Nottingham Black Archive

Nottingham Black Archive is dedicated to documenting Black history, heritage and culture in Nottingham from the earliest time possible to the present day. It has a growing collection of oral history testimonies, photographs, books, political letters, organisational documents and ephemera relating to the Black community in Nottingham.

When We Worked at Raleigh is one of the many projects led by the Nottingham Black Archive.

All credit for leading this research goes to Panya Banjoko of the Nottingham Black Archive. Thanks also to Omara Dyer Johnson and Keisha Bruce, PhD researchers at the University of Nottingham for supporting with interviews, Tom Harris for sound production, and Primary Arts for its work on the project. The “When We Worked at Raleigh” website was created by David S. Walton. We would also like to thank everyone who contributed to this project; without their support this would not have been possible.

About the Black Archive

About us

The Nottingham Black Archive (NBA), the idea for a resource that made Nottingham black history available to the wider public, came about in 2009. The aim of the archive is to research, collect and preserve Black history, heritage and culture in Nottingham, from the earliest time to the present day. The collection holds some of the earliest documents relating to the formation of Black community organisations in Nottingham, as well as, a growing archive of oral histories, including many from the  first generation of Africans and Caribbean’s to reside in Nottingham in large numbers. The archive also holds photographs, articles, newsletters, books and political letters dating back to the 1940s.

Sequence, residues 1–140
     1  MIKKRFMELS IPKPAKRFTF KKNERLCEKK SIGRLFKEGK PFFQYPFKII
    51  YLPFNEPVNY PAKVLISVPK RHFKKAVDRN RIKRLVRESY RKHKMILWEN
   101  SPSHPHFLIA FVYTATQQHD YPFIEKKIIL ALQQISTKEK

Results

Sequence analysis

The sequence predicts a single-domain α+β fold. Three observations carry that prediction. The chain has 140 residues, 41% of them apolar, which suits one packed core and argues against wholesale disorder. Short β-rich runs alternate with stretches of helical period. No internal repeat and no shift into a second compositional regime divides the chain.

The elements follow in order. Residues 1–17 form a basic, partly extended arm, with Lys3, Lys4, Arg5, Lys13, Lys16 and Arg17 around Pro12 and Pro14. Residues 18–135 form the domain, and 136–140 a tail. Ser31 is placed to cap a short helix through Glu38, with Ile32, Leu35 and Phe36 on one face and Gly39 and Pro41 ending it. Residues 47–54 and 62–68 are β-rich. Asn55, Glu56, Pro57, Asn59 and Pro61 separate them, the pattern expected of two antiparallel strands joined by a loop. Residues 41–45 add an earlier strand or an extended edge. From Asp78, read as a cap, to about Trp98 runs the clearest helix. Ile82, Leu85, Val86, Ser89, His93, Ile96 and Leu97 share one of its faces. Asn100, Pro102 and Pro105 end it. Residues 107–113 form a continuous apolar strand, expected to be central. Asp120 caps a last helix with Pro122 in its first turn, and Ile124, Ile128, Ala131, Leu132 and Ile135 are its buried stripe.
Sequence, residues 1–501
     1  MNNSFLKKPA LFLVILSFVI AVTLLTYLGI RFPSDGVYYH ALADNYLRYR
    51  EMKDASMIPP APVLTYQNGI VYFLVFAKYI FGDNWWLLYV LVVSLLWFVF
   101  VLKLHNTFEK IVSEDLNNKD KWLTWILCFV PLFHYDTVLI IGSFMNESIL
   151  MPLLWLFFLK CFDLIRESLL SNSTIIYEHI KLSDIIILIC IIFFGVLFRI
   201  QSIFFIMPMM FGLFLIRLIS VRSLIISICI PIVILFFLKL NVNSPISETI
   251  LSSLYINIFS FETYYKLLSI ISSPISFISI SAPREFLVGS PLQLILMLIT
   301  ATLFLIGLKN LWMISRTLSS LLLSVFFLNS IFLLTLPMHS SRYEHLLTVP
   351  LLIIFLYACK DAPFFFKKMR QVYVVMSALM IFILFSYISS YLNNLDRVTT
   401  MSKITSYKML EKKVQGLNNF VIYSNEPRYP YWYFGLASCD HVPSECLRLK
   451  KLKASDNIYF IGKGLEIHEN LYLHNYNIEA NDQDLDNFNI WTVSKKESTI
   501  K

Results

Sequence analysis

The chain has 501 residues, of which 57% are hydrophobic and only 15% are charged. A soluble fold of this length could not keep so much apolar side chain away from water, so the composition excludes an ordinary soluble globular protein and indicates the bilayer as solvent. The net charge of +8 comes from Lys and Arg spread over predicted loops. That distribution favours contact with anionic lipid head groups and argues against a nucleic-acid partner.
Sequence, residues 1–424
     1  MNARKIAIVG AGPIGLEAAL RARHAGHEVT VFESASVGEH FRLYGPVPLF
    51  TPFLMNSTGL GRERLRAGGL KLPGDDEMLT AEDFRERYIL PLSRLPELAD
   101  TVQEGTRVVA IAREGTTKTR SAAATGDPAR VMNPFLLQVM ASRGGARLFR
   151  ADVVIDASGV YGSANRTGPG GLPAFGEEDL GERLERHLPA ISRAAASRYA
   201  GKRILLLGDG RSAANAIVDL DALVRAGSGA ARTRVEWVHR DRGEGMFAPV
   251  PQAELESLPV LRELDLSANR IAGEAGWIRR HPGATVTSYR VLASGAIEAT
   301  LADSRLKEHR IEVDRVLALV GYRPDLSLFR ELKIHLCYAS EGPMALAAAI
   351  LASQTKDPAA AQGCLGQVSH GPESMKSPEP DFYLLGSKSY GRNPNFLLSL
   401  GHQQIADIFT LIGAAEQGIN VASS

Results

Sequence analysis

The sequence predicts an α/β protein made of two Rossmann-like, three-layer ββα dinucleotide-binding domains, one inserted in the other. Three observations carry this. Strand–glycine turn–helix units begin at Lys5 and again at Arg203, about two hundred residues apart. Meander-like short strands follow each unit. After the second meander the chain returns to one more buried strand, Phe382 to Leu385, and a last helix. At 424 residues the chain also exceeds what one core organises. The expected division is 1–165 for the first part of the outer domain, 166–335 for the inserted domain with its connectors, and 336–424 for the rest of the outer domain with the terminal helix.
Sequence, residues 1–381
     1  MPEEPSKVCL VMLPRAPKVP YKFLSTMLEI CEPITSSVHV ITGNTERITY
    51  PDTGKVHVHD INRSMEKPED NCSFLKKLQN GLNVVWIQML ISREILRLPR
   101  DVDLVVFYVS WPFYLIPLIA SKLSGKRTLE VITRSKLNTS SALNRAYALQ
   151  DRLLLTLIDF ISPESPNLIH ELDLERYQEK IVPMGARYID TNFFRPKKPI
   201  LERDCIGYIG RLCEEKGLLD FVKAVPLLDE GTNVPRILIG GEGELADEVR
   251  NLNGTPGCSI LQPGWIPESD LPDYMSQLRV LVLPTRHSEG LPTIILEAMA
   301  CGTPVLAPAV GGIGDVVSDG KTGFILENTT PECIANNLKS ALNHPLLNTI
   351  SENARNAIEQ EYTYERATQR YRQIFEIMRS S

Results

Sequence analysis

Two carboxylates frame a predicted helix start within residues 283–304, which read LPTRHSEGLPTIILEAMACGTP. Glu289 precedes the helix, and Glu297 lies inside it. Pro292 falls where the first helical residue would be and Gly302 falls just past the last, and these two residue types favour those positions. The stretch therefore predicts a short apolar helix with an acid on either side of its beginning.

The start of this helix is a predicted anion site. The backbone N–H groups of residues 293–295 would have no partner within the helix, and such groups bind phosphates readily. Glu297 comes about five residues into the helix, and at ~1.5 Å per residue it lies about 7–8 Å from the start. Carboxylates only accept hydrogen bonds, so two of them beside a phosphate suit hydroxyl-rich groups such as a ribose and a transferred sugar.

Our Mission

Our mission is to keep the past in the present. Nottingham Black Archive is dedicated to collecting, preserving and celebrating the histories of people of African descent in Nottingham. The NBA programme of exhibitions and events provide a platform from which to share the diversity of cultures originating from Africa and the Caribbean, past and present. The collection promotes the teaching, learning and understanding of African Caribbean peoples’ contribution to Nottingham and provides an accessible permanent record of the richness of the Black experience in Nottingham.

Our Aims

  • To research, collect and document the Nottingham Black presence from the earliest time to the present day.
  • To strengthen the development, accessibility and care of the Nottingham Black Archive Collection
  • To promote the teaching and learning of Black history in Nottingham
  • To create opportunities for people to share their own stories
  • To establish Nottingham Black Archive as a leading institution for Black Heritage and Culture in Nottingham.
  • To ensure organisational sustainability

Published by When We Worked at Raleigh

The history of Black people working at Raleigh Industries in Nottingham is one which demonstrates the power of community activism. Raleigh, established in 1887, is one of the world's oldest and best-known bike brands. At its peak Raleigh produced 100,000 cycles, 250,000 hub gears, 15,000 motorcycles and 50,000 motorcycle gearboxes annually and despite the rising popularity of the car during the 1920s Raleigh become a world leader in bicycles, marketing its product to the Caribbean, Africa, and elsewhere. Over time Raleigh would become one of the largest employers of Black people in Nottingham however this privilege would be one that the Black community would need to mobilise for politically. Oswald George Powe was one individual who challenged systemic racism in relation to employment. Powe was a World War II radar operator and lifelong community activist, having founded a number of Black political organisations in the city. He arrived in the UK during the late 1940s and had a significant presence in Nottingham prior to taking up residence in the 1970s. While he advocated for Black people to work at Raleigh he never worked at Raleigh himself.

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